Most of the past week has been consumed with moving (from a house to a condo). We are finally feeling “moved in” and tomorrow is our last day in Seattle before flying back to Cabo on Thursday morning. Aside from being tired of packing and shuffling boxes, we’re very much looking forward to being warm for a while.
There have been a few boat-related projects the past few days…
Roberta and I spent yesterday afternoon on the boat, meeting with the team who is doing all the work while we are gone. Jeff, who is managing all of the upgrades this winter had a long list of questions for me. It was quickly apparent that Jeff has everything under control, and that I didn’t really need to make any decisions.
Here’s a quick list of the larger projects this winter. I’ve discussed all of these in my blog, so I’m just giving an ultra condensed version of the work being performed. If anyone wants more info on any of these, feel free to post a comment and I’ll go into more detail.
– Upgrading the electronics. We’re upgrading from Furuno’s Navnet 2 system to their newer Navnet 3d.
– Upgrading the Internet Access. Internet is a big part of both Roberta’s and my life. We’ve been primarily using a combination of wifi and Fleet 77. The Fleet 77 is slow and expensive, but has served us very well over the years (We had a Fleet 77 on our Nordhavn 62, and now on our Nordhavn 68). There is a finally a high-speed solution (2 megabit) with unlimited access, called Mini V-Sat. My understanding is that we’ll be amongst the first users, and certainly the first private boat to cruise the Bering Sea with Mini V-Sat. It’s a huge project making the change, but if it works, it will be worth it.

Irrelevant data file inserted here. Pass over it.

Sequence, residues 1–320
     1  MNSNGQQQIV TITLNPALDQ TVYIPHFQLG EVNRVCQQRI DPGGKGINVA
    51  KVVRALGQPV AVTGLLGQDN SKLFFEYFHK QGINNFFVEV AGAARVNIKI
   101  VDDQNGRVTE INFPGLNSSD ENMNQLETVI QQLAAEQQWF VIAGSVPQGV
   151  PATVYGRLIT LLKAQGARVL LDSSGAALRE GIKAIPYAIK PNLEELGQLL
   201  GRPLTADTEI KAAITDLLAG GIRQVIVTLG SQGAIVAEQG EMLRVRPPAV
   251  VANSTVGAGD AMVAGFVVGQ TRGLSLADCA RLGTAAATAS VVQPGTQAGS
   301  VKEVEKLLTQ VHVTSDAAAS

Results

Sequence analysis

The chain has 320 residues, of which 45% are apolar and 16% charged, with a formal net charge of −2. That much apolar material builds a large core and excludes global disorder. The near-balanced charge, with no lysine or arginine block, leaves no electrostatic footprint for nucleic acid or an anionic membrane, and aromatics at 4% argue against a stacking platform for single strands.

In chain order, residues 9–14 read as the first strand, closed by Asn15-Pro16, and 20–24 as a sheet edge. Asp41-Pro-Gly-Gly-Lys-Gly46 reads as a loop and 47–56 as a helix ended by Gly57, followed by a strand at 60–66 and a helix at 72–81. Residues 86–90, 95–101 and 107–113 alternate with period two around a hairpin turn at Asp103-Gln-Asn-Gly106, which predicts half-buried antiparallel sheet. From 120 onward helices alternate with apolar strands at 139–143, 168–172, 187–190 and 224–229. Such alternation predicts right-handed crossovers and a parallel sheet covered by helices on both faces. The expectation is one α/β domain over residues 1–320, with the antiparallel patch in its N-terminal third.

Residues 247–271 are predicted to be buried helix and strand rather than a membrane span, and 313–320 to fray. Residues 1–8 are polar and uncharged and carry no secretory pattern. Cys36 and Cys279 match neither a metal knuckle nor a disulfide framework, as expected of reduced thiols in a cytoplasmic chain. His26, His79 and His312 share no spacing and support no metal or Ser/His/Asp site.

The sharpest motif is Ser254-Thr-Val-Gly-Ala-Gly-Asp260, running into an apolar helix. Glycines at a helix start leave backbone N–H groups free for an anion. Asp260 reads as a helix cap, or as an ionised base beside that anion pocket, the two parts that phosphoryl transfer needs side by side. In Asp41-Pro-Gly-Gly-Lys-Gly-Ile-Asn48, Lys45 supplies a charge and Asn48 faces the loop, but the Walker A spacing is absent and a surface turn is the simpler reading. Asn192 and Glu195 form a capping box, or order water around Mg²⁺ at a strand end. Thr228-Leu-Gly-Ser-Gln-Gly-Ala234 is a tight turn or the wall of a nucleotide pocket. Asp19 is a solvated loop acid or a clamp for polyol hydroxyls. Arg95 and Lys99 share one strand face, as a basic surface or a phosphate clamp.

– Swapping the batteries. During the first six months after taking delivery of our boat, our international shore power adapter (Atlas) did not work. Our battery bank was completely drained many times, and now seems to be fine, but I don’t trust it. I’m installing a new battery bank that uses half the space, and has three quarters of the amp hours.
– Swapping the air conditioning system. Our a/c system has never worked on the boat. It now appears that the problem may have been an electrical problem, however, I tend to be superstitious about these things. After months of trying to fix the system I made the decision to toss the old system off the boat and swap brands (from Cruisair to Technicold). This may have been a dumb idea, but I am not always rational when angry.